"I was born hearing and had a hearing upbringing. I became deaf over a period of about five years through a head trauma. I’ve now got a severe hearing loss. I’m lucky enough to have learnt sign language as I started to realise I had some hearing loss."
The road to university
"Two years ago, I decided that I wanted to go to university. Growing up, it never interested me. I had a job and a steady income from the moment I finished my GCSEs. I never thought I would need a degree. Going deaf changed that.
I was applying for job after job and not even getting any interviews. One of the companies told me it was because I was not educated to degree level. It meant that I wasn’t even getting through the screening process. Despite my knowledge and experience, it was that one thing holding me back. The pessimist within me thinks that my deafness was a contributing factor."
Deciding to enrol
"I attended the first open day at university and looked around. They had booked me an interpreter, so I knew that I’d get all the information I needed. I also met lecturers from the course I was interested in. It sparked interest within me. I decided I was going to apply to enrol on one of their courses. I was excited. They told me that I would be supported throughout my university journey. They sold it to me and I applied."
Prior to beginning, I had a meeting with lecturers to go through the options of the course modules and applied for Disabled Students' Allowance (DSA). It was a very straightforward process, during which I was approved for BSL interpreter support as well as note takers. Everything was going great. I couldn’t wait to start."
Questioning my decision
"As the start date approached, I kept checking for my 'welcome week' timetable so that the BSL interpretation team could ensure that there was an interpreter available. I kept them updated with any changes that I noticed, not realising that as a foundation year student my 'welcome week' timetable would be different to the others.
At 4pm on the Friday before the start day, I got an email with a completely different timetable. I emailed back and asked if they had organised the interpreters. I didn’t get a response so I called them via Next Generation Text Service (NGTS). The person I needed to speak to wasn’t available so I asked them to check if interpreters had been booked… and they hadn’t. I hung up and straight away emailed the interpreting team with my new timetable. Luckily, one of them was still there and was able to arrange cover for the Monday morning. It was at this point that I was beginning to worry that I’d made the wrong decision."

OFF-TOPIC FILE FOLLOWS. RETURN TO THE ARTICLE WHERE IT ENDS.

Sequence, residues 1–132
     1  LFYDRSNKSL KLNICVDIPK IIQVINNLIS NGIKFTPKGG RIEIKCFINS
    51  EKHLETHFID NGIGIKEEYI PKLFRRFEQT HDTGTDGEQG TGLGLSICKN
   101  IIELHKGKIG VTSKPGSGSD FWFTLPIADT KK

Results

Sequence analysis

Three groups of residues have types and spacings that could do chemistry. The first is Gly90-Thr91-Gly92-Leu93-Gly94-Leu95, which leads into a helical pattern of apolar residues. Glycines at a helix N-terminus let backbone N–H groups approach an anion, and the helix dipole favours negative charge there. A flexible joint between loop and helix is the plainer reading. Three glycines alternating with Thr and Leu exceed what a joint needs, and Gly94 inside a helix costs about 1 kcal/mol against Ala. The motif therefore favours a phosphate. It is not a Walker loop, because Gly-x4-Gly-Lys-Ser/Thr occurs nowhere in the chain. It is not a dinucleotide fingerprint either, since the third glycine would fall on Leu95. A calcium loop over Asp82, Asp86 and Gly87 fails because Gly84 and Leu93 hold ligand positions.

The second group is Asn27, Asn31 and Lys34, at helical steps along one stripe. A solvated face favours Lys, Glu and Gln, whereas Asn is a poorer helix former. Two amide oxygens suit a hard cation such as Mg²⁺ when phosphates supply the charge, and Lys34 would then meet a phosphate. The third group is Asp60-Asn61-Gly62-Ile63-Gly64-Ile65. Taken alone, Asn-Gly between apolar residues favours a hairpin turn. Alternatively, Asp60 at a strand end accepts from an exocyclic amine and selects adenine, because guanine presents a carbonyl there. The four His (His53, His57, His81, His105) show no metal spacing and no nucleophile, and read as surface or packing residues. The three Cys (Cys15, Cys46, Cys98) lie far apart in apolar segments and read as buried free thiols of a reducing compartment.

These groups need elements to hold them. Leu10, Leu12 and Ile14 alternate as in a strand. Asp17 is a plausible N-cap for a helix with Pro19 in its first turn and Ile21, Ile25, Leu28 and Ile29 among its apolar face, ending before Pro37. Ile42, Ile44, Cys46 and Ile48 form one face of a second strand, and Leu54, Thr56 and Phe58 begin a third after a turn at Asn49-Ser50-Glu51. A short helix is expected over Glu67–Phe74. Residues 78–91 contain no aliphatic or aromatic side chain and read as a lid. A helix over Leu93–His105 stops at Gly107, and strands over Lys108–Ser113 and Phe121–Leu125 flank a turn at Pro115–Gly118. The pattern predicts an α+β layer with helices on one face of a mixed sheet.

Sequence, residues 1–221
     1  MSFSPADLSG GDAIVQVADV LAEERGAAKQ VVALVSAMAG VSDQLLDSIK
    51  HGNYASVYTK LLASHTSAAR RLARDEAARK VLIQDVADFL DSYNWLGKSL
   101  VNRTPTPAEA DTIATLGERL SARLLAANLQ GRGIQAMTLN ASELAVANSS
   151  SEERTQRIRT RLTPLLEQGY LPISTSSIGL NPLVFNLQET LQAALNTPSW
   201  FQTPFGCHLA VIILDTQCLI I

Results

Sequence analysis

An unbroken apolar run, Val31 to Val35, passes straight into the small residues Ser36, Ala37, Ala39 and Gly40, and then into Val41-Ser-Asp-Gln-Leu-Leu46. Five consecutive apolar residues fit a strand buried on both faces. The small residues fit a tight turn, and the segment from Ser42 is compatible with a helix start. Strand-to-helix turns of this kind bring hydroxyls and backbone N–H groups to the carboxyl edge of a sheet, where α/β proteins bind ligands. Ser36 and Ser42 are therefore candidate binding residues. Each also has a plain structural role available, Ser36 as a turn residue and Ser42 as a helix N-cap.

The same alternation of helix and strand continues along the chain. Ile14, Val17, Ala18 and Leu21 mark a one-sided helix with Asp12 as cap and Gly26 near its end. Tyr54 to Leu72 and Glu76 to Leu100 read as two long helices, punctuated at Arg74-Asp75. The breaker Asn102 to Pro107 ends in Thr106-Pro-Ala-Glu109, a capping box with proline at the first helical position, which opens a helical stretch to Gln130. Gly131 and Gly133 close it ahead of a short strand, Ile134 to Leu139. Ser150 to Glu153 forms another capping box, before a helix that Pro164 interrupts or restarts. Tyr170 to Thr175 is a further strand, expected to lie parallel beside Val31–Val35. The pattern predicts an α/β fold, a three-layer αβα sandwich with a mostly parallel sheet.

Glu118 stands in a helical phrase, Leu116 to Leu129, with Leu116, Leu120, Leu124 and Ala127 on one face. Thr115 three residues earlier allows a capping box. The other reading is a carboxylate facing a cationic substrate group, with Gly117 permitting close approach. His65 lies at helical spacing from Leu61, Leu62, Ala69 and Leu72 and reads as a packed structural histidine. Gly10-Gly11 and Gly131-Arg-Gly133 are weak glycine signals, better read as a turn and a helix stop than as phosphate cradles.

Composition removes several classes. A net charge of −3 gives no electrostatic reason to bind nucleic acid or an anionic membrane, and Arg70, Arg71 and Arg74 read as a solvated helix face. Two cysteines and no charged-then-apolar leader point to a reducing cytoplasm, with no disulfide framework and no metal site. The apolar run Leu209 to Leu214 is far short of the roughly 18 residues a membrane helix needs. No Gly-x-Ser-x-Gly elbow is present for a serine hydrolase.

University life and its challenges
"Fast forward two weeks.. The Student Union had arranged a conference which would be held a week later and advertised it on Facebook. As I’d only just joined, I obviously hadn’t seen any publicity so I asked them to arrange an interpreter. They said they would look into it and I crossed my fingers. A couple of days later, I asked the interpretation team if they had found cover and they had no idea what I was going on about. Needless to say, the Student Union passed the request off to someone and never actually followed through with it. It was only when I started asking what was going on did they try to arrange cover. The request went out a couple of days before the event, which was obviously too short notice to arrange. I never got to the conference.
During the course, we were expected to watch various videos within the lectures and also during self-study. Time and time again, they were either not subtitled or had poor quality automatic captions from YouTube. There were literally TWO lecturers out of six that took my accessibility needs into consideration. The first one had produced transcripts from audio pieces and had subtitles on the videos used. The second lecturer swapped course content with alternatives that had subtitles. I was beginning to feel like I’d been sold a car that was missing a wheel.